>>> You are listening to Midday Edition here on KPBS I am Allison St. John. We hear a lot of statistics about homelessness. For example how the numbers are changing in cities across the country. But the reality of being homeless is not in the statistics. To understand how people end up homeless you have to listen to their stories and every person who is homeless has a story. Greg Angel CEO of community-based services is on a mission to get the stories out. He has launched a podcast to do that. Thank you for joining us. Your podcast is called homeless in San Diego real people real stories it is on the web. Why did the faith community services decide to start this? >> We feel passionately about helping people connect with other people. You said it well in your introduction. Homelessness is referred to statistically. Homelessness itself is a negative label. We wanted our community members to be able to connect with individuals who are struggling with homelessness and to hear their struggles, journeys, and their remarkable strength they have to overcome homelessness. >>> What kind of things do you hope people will learn? What kind of stereotypes he hoped to be dispelled? >> We hear often that people think that everyone on the streets is mentally ill, directed that addicted to drugs and alcohol, and we find out that it is homelessness that causes mental health conditions and after someone becomes homeless they began using drugs and alcohol. We want to break those myths and really give people who have experienced homelessness a chance to tell their stories. To do that in an un-filtered, honest compelling way. >>> We have a clip from your recent podcasts. We are talking to a couple who has lived with children in a tent for a while. Until they started working with your rapid rehousing coordinators. List listen to Danielle talking about what it was like to finally find a home. >> Not having to build a tent with children while pregnant, it was nice to be home. >>> We can hear Daniels new baby in the background. What led to them becoming background -- homeless? >> Daniels husband was diagnosed with an illness. The medication he was given had a horrible side effect. It ended up partially paralyzing him. This family that was successful and lived independently went into a tailspin. He was physically unable to walk. His mental abilities decreased as a result of the side effect. He ended up losing his job. They have four beautiful children. They ended up with their last bit of dollars buying a camping pass so their children did not have to live on the streets but they could go from campground to campground. They told their kids about an adventure they were taking. These parents Dewayne and Danielle are heroes in my opinion because they were able to help their children stay in school. They made it an adventure for them. Ultimately, they were able to find housing. To address the medical condition. And to get themselves back on their feet. In the process, they found out they have another child on the way. You can hear their baby boy in the background. >>> You gave Danielle and Dewayne quite a bit of help. The initial deposit was paid, talk about how it's not only money people need to get on their feet. >> With Dewayne and Danielle, their kids were in school. They wanted to keep them in that school. They had a particular part of San Diego they wanted to rent in. They were rejected when we found the first apartment. With rapid rehousing assistance, we were able to offer a double security deposit. They were able to move into the home. They also received all of the furnishings, new beds for their kids, and household items to help make that apartment a home. >>> How is the family doing now? How much support do you offer people after they find a home? >> We offer support for anyone looking for any type of assistance. The exciting thing about these programs is they have no negative Tory guidelines on what people need to do. People are empowered to live their lives. It's up to them to be able to pay the bills and make ends meet. We will help with job assistance, access to benefits, and we will be there as someone they can talk to and properly -- problem solve with. That's what these services are about. Is giving people their lives back. Our podcast is about sharing the stories so that we can understand every person out there who has a story like Danielle and Dewayne. It will be different because it's a different person. If we give them the right tools, they can get off the street and have a life of their own with a roof over their head. >>> You also speak with some of the staff members at interfaith that help clients get off the streets. What do you think you will get from them hearing them talk about their work. >> I think it's interesting to hear the work that goes into the services and how sophisticated the system is to address homelessness. We offer this podcast through interfaith community services. We will feature a number of community services outside interfaith next week. I will record and episode with the city of Oceanside. We will bring in law enforcement, homeless court, other service providers. It is about helping the community to understand what some of the struggles are that land people in the situations and what are ways that the community can help. Every single episode have a call to action and a way for the listener to get involved in helping our neighbors experiencing homelessness. >>> You have a hotline what is the goal of that? >> We have a hotline for people to call and share and how their call of action went. In the first episode, we talked about the ways the organizations are positioned to help people to overcome the barriers for homelessness. Don't just go out there and give people stuff. Get involved with an organization that has a thoughtful strategic program in place to help people improve their lives. The hotline gives people a chance to say here's what I tried. I got involved in interfaced -- interfaith community. It also gives people a chance to call and say here is what I want to know about what is the deal with Panhandling? Should I give money? Should I not? How can I help? People want to help but they don't know how. That is what I'm trying to do with that part of our podcast is give people in the how to help the people in need. >>> Thank you for filling is in. >> Thank you for featuring it. CHICKASAW homeless in San Diego real people in real stories it is on iTunes and other podcast listings and we have a website homeless in San >>> Thank you, Greg. >> Thank you, Alison.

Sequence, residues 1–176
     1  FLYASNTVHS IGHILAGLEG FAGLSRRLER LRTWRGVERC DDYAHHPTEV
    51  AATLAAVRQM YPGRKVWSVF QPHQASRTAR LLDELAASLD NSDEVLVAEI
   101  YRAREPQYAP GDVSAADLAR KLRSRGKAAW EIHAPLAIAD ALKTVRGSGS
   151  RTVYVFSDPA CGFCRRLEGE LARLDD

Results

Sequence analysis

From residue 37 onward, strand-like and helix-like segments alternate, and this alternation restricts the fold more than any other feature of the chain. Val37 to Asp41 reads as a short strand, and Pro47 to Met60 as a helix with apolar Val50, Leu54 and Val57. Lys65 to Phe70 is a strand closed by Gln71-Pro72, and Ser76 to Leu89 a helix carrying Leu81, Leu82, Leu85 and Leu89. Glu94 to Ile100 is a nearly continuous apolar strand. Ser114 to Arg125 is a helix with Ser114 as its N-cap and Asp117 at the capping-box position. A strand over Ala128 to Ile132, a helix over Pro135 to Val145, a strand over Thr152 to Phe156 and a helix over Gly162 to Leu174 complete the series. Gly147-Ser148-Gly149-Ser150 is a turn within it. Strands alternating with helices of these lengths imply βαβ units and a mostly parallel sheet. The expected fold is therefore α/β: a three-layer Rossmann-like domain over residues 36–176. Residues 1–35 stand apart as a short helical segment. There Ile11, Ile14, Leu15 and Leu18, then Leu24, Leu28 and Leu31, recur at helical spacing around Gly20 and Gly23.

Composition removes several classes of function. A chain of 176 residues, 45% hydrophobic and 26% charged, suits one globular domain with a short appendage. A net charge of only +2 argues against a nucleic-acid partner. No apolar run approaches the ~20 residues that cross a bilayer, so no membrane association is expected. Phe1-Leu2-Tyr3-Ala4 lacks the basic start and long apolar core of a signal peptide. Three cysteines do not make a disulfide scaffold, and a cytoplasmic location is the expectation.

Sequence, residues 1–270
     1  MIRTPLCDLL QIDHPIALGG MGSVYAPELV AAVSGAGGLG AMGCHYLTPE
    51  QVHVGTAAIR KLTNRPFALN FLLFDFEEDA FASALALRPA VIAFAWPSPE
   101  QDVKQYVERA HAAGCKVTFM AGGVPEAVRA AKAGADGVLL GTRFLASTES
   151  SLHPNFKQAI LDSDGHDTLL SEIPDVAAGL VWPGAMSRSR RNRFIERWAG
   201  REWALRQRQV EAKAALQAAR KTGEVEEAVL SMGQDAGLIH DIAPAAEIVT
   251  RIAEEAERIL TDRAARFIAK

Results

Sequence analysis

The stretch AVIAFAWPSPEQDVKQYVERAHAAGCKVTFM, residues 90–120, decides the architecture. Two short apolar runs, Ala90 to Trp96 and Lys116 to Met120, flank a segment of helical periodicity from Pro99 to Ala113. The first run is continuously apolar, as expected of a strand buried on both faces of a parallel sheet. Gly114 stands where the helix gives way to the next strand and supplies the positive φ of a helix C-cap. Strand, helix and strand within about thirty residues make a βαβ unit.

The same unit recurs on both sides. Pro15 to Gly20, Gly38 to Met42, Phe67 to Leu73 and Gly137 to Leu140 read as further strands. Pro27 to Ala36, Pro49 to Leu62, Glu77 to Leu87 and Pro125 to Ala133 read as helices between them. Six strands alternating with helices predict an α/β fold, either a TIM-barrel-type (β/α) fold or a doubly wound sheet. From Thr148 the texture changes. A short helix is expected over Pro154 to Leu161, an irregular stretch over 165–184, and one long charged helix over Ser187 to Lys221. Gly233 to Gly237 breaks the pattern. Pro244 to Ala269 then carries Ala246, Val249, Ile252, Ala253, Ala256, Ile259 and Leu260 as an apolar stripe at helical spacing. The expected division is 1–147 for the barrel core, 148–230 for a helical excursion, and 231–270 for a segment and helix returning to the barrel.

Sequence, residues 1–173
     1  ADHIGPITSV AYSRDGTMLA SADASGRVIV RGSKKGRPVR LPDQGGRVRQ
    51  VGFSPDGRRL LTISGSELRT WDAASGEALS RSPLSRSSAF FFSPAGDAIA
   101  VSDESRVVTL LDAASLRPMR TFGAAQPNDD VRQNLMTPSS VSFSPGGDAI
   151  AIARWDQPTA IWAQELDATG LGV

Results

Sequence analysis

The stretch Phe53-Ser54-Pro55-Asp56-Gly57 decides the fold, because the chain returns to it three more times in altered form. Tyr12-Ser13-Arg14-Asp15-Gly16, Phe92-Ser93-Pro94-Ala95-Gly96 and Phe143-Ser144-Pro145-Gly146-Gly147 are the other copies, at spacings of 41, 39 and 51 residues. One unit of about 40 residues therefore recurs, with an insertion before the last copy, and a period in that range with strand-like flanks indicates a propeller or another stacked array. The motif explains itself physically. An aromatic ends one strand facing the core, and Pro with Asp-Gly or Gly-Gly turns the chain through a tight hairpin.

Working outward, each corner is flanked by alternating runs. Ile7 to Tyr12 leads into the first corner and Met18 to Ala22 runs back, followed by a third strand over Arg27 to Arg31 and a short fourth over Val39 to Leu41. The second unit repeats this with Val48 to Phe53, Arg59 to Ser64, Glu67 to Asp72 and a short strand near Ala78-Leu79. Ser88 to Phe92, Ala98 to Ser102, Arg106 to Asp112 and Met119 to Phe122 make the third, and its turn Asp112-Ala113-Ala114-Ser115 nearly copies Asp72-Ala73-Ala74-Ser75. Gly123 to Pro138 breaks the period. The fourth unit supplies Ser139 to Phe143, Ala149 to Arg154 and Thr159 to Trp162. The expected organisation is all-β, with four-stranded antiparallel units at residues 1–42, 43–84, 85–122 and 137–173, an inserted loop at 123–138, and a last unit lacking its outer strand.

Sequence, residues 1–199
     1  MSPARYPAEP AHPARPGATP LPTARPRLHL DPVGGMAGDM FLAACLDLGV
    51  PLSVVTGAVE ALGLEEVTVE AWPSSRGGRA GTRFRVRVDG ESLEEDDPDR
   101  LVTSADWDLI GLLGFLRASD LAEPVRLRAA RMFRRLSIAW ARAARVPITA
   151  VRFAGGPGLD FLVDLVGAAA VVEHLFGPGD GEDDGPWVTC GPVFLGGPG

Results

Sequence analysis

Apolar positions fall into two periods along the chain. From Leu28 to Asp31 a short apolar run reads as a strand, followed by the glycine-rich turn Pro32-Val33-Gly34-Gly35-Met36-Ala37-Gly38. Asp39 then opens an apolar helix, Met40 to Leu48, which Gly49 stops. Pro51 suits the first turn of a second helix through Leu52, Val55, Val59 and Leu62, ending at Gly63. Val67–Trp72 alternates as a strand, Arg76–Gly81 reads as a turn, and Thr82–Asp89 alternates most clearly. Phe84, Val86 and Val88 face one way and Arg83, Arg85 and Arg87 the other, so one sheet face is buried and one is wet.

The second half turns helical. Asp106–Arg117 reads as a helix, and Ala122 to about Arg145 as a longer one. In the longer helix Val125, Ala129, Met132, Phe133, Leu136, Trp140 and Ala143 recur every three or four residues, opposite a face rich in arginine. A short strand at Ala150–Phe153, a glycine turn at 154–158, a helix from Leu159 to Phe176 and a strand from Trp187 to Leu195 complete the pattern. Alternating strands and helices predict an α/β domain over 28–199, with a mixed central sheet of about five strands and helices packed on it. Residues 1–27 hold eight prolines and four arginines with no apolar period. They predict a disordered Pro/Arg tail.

There are a lot of statistics about who becomes homeless and why. But the reality of being homeless is not in those statistics.

Greg Anglea, the CEO of Interfaith Community Services based in Escondido, believes that to really understand how people end up homeless, you have to listen to their stories. Anglea is on a mission to get those stories told. He’s launched a podcast to do just that.

It's called "Homeless in San Diego: Real People, Real Stories."


Anglea joins Midday Edition on Tuesday to discuss the mission behind the podcast and the stories he's heard so far.